I also worked on my handles and knocking down that mid-range jumper. I’m really not worried about the 3-point ball right now. We have so many guys on this team that can make that shot. Josh Smith in the AJC.
Josh Smith is an enigma. He blew away his career high shooting percentage last year at 49% and is the most ridiculed player (in my house at least) on the team for shot selection. Who says talent isn't a burden?
Still, few people are going to argue this fact. The less jump shots Josh Smith takes the better. But for a guy who shoots almost the same percentage from beyond the arc as he does from 16 feet, is giving up threes really that big of a deal? It is this tension between the abstract idea and the repercussions of it implemented that makes this seemingly good news a bit convoluted. The Inspector shot over three times more two pointers than he did three pointers (306 to 82). That is a lot more damage from inside the arc than out. And those 26 three pointer he made is like making 39 two pointers. 39 out of 87 is forty-four percent. That is a bit of fuzzy math, but the point remains. Mathematically speaking, any Hawks fans should want Josh to shoot three pointers more than two point jump shots, and now, he is only going to shoot more two point shots.
And yet, since the end goal is for Josh Smith to shoot no jump shots, is a reduction of them really a bad thing? Another example at least for some context. Memphis hopes Zach Randolph passes more. Zach Randolph is not a good passer. Do they actually want him to pass if he is the best option for scoring and he is not good at passing? Tough call.Yes, these plays are horrendous, but the guy can fill it up.
In some sense, you have to move beyond a single stat in these situations. Maybe even beyond stats and play a little choose your own adventure. What are the options? Where would you rather Josh be if he never improves his shooting but is going to shoot? Josh Smith catching the ball at the three point line leaves him in position for the highest reward on a bad shot. It also is the position he can least likely successfully drive to the basket. Defenders are going to leave him more open because of the spacial ability to do so and the overall mantra of other teams that says "any Josh Smith jump shot is a good jump shot for us." Smith can less easily drive by a player and feel more encouraged to shoot when he is beyond the three point line. A two point jump shot more often sees a serious challenge from the defender even if a Josh Smith jump shot is what the defense wants. It is instinct. It is the accessibility. It is the defender having nothing better to do. I can remember at least ten times, despite all basketball wisdom against it, when Josh Smith got a defender in the air and drove the ball. I believe players are shot if this happens on a Smith three point attempt (Solomon Jones home opener here we come!).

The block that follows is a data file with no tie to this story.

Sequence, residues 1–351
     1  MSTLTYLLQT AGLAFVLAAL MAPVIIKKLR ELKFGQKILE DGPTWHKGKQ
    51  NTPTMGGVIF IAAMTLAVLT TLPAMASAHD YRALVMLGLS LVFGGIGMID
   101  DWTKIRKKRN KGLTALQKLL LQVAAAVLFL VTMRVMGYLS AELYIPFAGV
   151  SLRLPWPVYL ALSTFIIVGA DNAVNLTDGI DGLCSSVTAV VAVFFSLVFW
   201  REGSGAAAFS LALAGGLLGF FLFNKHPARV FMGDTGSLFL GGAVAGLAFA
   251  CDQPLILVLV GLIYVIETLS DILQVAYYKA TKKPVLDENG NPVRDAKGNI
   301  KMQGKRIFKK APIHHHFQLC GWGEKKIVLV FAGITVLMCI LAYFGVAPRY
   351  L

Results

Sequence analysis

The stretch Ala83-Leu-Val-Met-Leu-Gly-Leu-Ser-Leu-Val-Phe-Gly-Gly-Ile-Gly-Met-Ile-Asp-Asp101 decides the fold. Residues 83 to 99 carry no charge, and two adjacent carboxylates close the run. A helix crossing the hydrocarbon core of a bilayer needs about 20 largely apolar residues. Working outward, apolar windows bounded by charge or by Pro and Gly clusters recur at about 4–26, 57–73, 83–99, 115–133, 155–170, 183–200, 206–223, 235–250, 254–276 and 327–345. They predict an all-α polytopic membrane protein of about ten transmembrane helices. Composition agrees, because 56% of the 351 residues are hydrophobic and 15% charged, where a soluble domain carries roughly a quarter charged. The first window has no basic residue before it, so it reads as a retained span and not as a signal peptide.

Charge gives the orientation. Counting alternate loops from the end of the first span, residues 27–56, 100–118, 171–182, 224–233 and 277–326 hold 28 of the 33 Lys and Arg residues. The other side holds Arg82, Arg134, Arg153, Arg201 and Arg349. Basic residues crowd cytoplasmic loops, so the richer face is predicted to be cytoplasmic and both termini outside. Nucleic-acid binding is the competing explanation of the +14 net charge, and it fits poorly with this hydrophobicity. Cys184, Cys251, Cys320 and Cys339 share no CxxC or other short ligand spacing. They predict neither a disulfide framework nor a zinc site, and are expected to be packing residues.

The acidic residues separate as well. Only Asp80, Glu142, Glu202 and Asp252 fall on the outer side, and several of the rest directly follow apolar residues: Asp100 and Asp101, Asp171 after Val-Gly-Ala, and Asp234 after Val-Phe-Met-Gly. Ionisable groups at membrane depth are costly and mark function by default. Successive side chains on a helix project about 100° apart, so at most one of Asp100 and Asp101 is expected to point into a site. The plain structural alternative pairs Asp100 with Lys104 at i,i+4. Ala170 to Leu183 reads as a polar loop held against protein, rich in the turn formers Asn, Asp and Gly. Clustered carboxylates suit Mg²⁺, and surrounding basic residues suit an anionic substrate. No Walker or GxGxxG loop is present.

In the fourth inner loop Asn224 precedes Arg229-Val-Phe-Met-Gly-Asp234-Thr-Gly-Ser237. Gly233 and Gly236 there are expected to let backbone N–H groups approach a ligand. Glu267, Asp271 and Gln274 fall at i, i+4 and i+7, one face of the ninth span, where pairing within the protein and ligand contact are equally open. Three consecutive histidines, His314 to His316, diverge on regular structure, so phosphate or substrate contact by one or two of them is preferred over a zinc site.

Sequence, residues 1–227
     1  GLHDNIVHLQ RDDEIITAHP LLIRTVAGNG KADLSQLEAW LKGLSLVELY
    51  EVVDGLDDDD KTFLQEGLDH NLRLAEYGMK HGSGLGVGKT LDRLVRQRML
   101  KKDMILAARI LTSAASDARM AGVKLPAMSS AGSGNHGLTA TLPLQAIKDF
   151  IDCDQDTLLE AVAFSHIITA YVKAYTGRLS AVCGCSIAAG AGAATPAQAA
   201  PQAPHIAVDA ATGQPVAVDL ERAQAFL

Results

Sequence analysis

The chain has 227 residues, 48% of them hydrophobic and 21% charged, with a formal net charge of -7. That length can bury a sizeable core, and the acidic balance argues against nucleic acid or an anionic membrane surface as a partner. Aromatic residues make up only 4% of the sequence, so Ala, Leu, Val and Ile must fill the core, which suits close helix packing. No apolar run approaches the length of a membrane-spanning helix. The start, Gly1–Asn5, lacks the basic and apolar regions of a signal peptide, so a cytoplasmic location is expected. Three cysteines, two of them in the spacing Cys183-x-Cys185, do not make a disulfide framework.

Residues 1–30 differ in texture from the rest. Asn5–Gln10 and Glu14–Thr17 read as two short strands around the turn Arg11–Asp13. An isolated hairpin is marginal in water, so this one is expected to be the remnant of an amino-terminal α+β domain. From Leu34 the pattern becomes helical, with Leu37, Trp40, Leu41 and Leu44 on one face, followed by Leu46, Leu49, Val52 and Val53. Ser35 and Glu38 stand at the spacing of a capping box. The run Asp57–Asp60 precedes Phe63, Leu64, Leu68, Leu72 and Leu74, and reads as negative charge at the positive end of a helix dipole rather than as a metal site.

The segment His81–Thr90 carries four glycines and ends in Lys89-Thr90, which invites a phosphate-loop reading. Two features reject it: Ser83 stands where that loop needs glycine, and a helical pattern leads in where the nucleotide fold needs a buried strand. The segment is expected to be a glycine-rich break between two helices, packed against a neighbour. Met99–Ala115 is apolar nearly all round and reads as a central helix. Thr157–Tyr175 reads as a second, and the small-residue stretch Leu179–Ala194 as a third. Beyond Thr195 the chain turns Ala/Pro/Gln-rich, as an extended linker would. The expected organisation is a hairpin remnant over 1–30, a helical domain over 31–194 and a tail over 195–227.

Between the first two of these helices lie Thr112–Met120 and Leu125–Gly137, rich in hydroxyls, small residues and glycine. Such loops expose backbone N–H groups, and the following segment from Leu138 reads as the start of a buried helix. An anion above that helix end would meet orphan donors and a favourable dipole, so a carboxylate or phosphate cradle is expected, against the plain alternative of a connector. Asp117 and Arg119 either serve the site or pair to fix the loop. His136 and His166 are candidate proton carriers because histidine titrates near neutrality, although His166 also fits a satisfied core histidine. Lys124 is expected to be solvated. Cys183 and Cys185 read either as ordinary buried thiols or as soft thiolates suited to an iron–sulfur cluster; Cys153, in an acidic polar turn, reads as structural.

Josh Smith can also be a factor on the offensive boards from the two point jump shooting position. That is a bit like saying Marvin Williams could average 25 points if he got to the line 12 times a game since neither player has shown a desire to do so despite the apparent ability to make it happen, but the opportunity at least exists. It is not only tough logistically from the three point line to do so, but it is not even the best strategy because of the ability for the other team to get run out baskets.
Then again, I cannot remember one big two point jump shot Josh Smith has hit in his life. Sadly, there were three or four Smith three pointers that mattered just last season. He actually helps the team with an occasional make. Yet, I think in part that is because Josh knows how dumb a two point jump shot looks in those situations. End of games are about statements and I dare call upon Dominique and say, about daggers. Josh Smith has never made a statement with a two point jumper. A wide open three with a minute left is a bad shot, but not a dumb shot. Under five seconds on the shot clock, you almost have to take it. If Josh Smith gets the ball 16 feet from the basket with the game in doubt, he is going to drive the ball. I say that only because I cannot remember him ever actually shooting it. In crunch time, that shot is just not in the feel of the game. Weird, unprovable, but true.
In the end, it is odd to think that Josh Smith not shooting threes could actually hurt the Hawks, but it could. Is this a classic case of wishing something to be true only to regret it when it happens? Or will this make Josh Smith and the Hawks better? I know two things. If he simply shoots 83 more two point jumpers, we are in for a long season. But at least he no longer feels bound to shoot the long ball, you know, for the kids.